Review: Larry Crowne (2011)

Synopsis: When appealing everyman Larry Crowne (Tom Hanks) is inexplicably fired from his job as a big box store clerk, he realizes it’s time for some meaningful change in his life. Deeply in debt and without direction he returns to college, where he befriends a group of scooter-riding students and eventually develops a real affection for the beautiful Mercedes Tainot (Julia Roberts), the instructor of his Speech class.

The premise is an interesting one which highlights some genuinely valid and thought provoking questions, relating to the credit crunch, middle aged dating and returning to education. While intriguing at first, the main problem with Larry Crowne is that it simply abandons every interesting aspect and point of intrigue, leaving whole plot strands unresolved. This can mainly be attributed to the flawed screenplay, co-written by Nia Vardalos (recipient of an Academy Award for the screenplay of My Big Fat Greek Wedding) and Hanks himself. More often than not, it resorts to modern rom-com cliché, rendering the narrative implausible when it does manage to touch upon more relevant and thought-provoking ideas.

In this respect, coupled with the feeling that when plot strands are tied up, they are done so in such a relaxed manner as to make them feel unnecessary and completely artificial, it’s evident that there’s not much at stake within the narrative. The audience is left feeling nothing towards any of the characters – especially Larry and Mercedes. Vardalos and Hanks are evidently more interested in tying their romance up in a neat little digestible bow, losing it’s inherent uniqueness along the way. It descends into a nondescript, pointless bore. The only character arc that sees some genuine development is that of Larry’s wacky friend Talia, played by Gugu Mbatha-Raw, who follows her passion and helps Larry become less inhibited.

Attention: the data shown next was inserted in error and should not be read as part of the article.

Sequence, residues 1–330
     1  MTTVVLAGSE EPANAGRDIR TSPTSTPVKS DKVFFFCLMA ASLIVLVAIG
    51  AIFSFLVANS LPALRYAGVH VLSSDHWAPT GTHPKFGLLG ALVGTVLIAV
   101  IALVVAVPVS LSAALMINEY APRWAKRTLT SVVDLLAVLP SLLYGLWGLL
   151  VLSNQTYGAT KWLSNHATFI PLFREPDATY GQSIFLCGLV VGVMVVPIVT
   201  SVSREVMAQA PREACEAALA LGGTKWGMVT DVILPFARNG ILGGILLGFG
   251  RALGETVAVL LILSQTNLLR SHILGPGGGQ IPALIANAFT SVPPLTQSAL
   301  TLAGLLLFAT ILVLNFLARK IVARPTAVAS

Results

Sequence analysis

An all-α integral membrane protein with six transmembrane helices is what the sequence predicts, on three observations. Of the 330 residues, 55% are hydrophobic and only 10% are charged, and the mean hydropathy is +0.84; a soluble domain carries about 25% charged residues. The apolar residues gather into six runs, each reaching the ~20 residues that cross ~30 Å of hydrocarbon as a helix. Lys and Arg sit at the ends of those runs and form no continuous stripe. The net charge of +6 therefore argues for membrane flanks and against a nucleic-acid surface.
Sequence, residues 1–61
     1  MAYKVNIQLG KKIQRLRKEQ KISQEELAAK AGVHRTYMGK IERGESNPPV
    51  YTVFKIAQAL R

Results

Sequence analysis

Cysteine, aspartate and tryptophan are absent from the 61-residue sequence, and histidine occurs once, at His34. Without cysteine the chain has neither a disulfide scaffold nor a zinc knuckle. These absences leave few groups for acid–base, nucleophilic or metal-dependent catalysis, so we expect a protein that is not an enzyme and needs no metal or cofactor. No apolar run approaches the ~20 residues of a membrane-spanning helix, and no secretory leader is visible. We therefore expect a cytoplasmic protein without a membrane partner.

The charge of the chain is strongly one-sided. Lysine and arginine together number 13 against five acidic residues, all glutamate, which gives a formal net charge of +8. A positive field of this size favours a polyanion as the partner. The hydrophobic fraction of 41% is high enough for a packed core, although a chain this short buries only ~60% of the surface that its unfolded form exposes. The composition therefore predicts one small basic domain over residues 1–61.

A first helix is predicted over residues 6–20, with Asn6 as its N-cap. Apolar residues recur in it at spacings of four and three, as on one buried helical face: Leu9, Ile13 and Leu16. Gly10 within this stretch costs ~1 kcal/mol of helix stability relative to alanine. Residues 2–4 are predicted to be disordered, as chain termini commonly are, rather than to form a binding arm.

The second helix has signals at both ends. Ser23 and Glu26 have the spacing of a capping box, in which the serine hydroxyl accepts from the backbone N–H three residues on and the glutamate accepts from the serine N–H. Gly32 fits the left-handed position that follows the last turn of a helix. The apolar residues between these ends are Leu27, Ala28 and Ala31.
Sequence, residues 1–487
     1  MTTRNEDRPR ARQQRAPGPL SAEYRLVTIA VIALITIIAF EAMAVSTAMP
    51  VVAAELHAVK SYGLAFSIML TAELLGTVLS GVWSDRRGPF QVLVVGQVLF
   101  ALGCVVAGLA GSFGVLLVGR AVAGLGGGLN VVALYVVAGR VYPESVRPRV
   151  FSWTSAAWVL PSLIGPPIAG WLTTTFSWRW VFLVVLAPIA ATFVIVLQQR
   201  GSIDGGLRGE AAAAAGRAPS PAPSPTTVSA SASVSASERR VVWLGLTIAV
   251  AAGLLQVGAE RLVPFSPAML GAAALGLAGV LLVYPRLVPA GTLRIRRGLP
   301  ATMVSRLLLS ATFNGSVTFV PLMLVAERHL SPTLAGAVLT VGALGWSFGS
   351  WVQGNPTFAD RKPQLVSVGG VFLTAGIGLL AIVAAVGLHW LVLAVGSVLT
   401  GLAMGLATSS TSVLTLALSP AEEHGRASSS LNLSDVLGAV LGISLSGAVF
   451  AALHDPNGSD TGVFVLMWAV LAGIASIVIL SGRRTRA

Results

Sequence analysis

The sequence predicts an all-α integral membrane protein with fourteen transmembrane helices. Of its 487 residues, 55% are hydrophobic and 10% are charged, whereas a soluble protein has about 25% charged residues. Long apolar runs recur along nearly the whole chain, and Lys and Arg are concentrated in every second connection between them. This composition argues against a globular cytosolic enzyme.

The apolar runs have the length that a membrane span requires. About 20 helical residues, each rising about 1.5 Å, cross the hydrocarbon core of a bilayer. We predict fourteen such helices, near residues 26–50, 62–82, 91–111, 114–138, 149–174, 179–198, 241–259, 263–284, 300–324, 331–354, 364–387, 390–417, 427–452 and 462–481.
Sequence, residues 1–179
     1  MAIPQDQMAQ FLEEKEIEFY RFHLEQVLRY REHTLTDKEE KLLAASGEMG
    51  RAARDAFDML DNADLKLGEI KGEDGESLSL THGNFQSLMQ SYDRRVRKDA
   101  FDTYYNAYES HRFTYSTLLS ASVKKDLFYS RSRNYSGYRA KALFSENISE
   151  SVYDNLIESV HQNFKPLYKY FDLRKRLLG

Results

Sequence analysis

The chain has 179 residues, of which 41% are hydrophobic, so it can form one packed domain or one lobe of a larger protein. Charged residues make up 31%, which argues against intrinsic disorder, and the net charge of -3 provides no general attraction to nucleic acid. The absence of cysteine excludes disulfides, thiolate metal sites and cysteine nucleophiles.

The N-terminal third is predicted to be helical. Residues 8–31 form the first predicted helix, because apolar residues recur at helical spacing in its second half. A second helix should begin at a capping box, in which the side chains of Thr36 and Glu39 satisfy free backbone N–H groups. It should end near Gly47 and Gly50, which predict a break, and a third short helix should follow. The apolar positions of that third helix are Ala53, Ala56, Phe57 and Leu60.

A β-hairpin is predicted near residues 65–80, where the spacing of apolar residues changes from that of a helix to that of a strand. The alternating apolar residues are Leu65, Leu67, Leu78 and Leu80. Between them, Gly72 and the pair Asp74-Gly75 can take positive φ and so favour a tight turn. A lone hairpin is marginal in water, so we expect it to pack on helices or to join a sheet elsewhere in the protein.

Hanks’ direction is much the same as his narrative: artificial and almost entirely blasé. He opts for a grainy tint that clouds the film in a subdued and depressing air. Hanks’ intention may have been to make the story and its characters seem more lifelike and relatable, but it ultimately doesn’t work, often making everything seem overly drab and ugly. It’s almost as if the director himself doesn’t know the best way to present the story and characters.

In terms of his acting, Hanks embodies Larry with a honest and likeable nature. It’s in his relationships with his co-stars that he falters. The burgeoning “will-they, won’t-they” relationship between Larry and Mercedes, though believable, never feels entirely sincere. The chemistry comes across as more an unlikely friendship than a full blown, predestined love. Similarly, his awkward father-daughter companionship with Talia comes across as well intended and slightly humorous, especially in the way she butters him up in an attempt to release his charming side – but it’s all too flat and unexplored to have any particular meaning.

Roberts doesn’t fare much better than Hanks. In all her years as an actress, she’s played characters like Mercedes many times – all to much better effect than is on display here. Sure, she’s attractive, easy enough to watch and brings an alluring warmth to any character she plays, but she doesn’t make a full enough transition from Roberts the A-list actress to Mercedes the college professor that warrants any significant emotional investment or interest in her backstory. She simply exists as herself trying to play someone else, in an overly obvious fashion that become distracting as the film wears on. It’s a shame, as it’s simply more evidence that her career isn’t as inspiring and award winning as it once was.

The supporting cast is made up of a zany collection of weird and wonderful actors and actresses, from the respected and well cast (Taraji P. Henson and Bryan Cranston) to the nondescript and uncomfortable background commodities (Cedric the Entertainer and George Takei). Takei in particular feels completely unsure what the hell he’s doing there – much like how the audience will react when he first appears on screen.

That said, despite the fact it plods along at a snail’s pace and doesn’t reward its audience’s investment, Larry Crowne’s saving grace is that it’s inoffensive, easy to watch, and subtly charming. In other words, it exists for easy consumption, mindless romantic entanglements, and its attractive, mass-audience grabbing stars.

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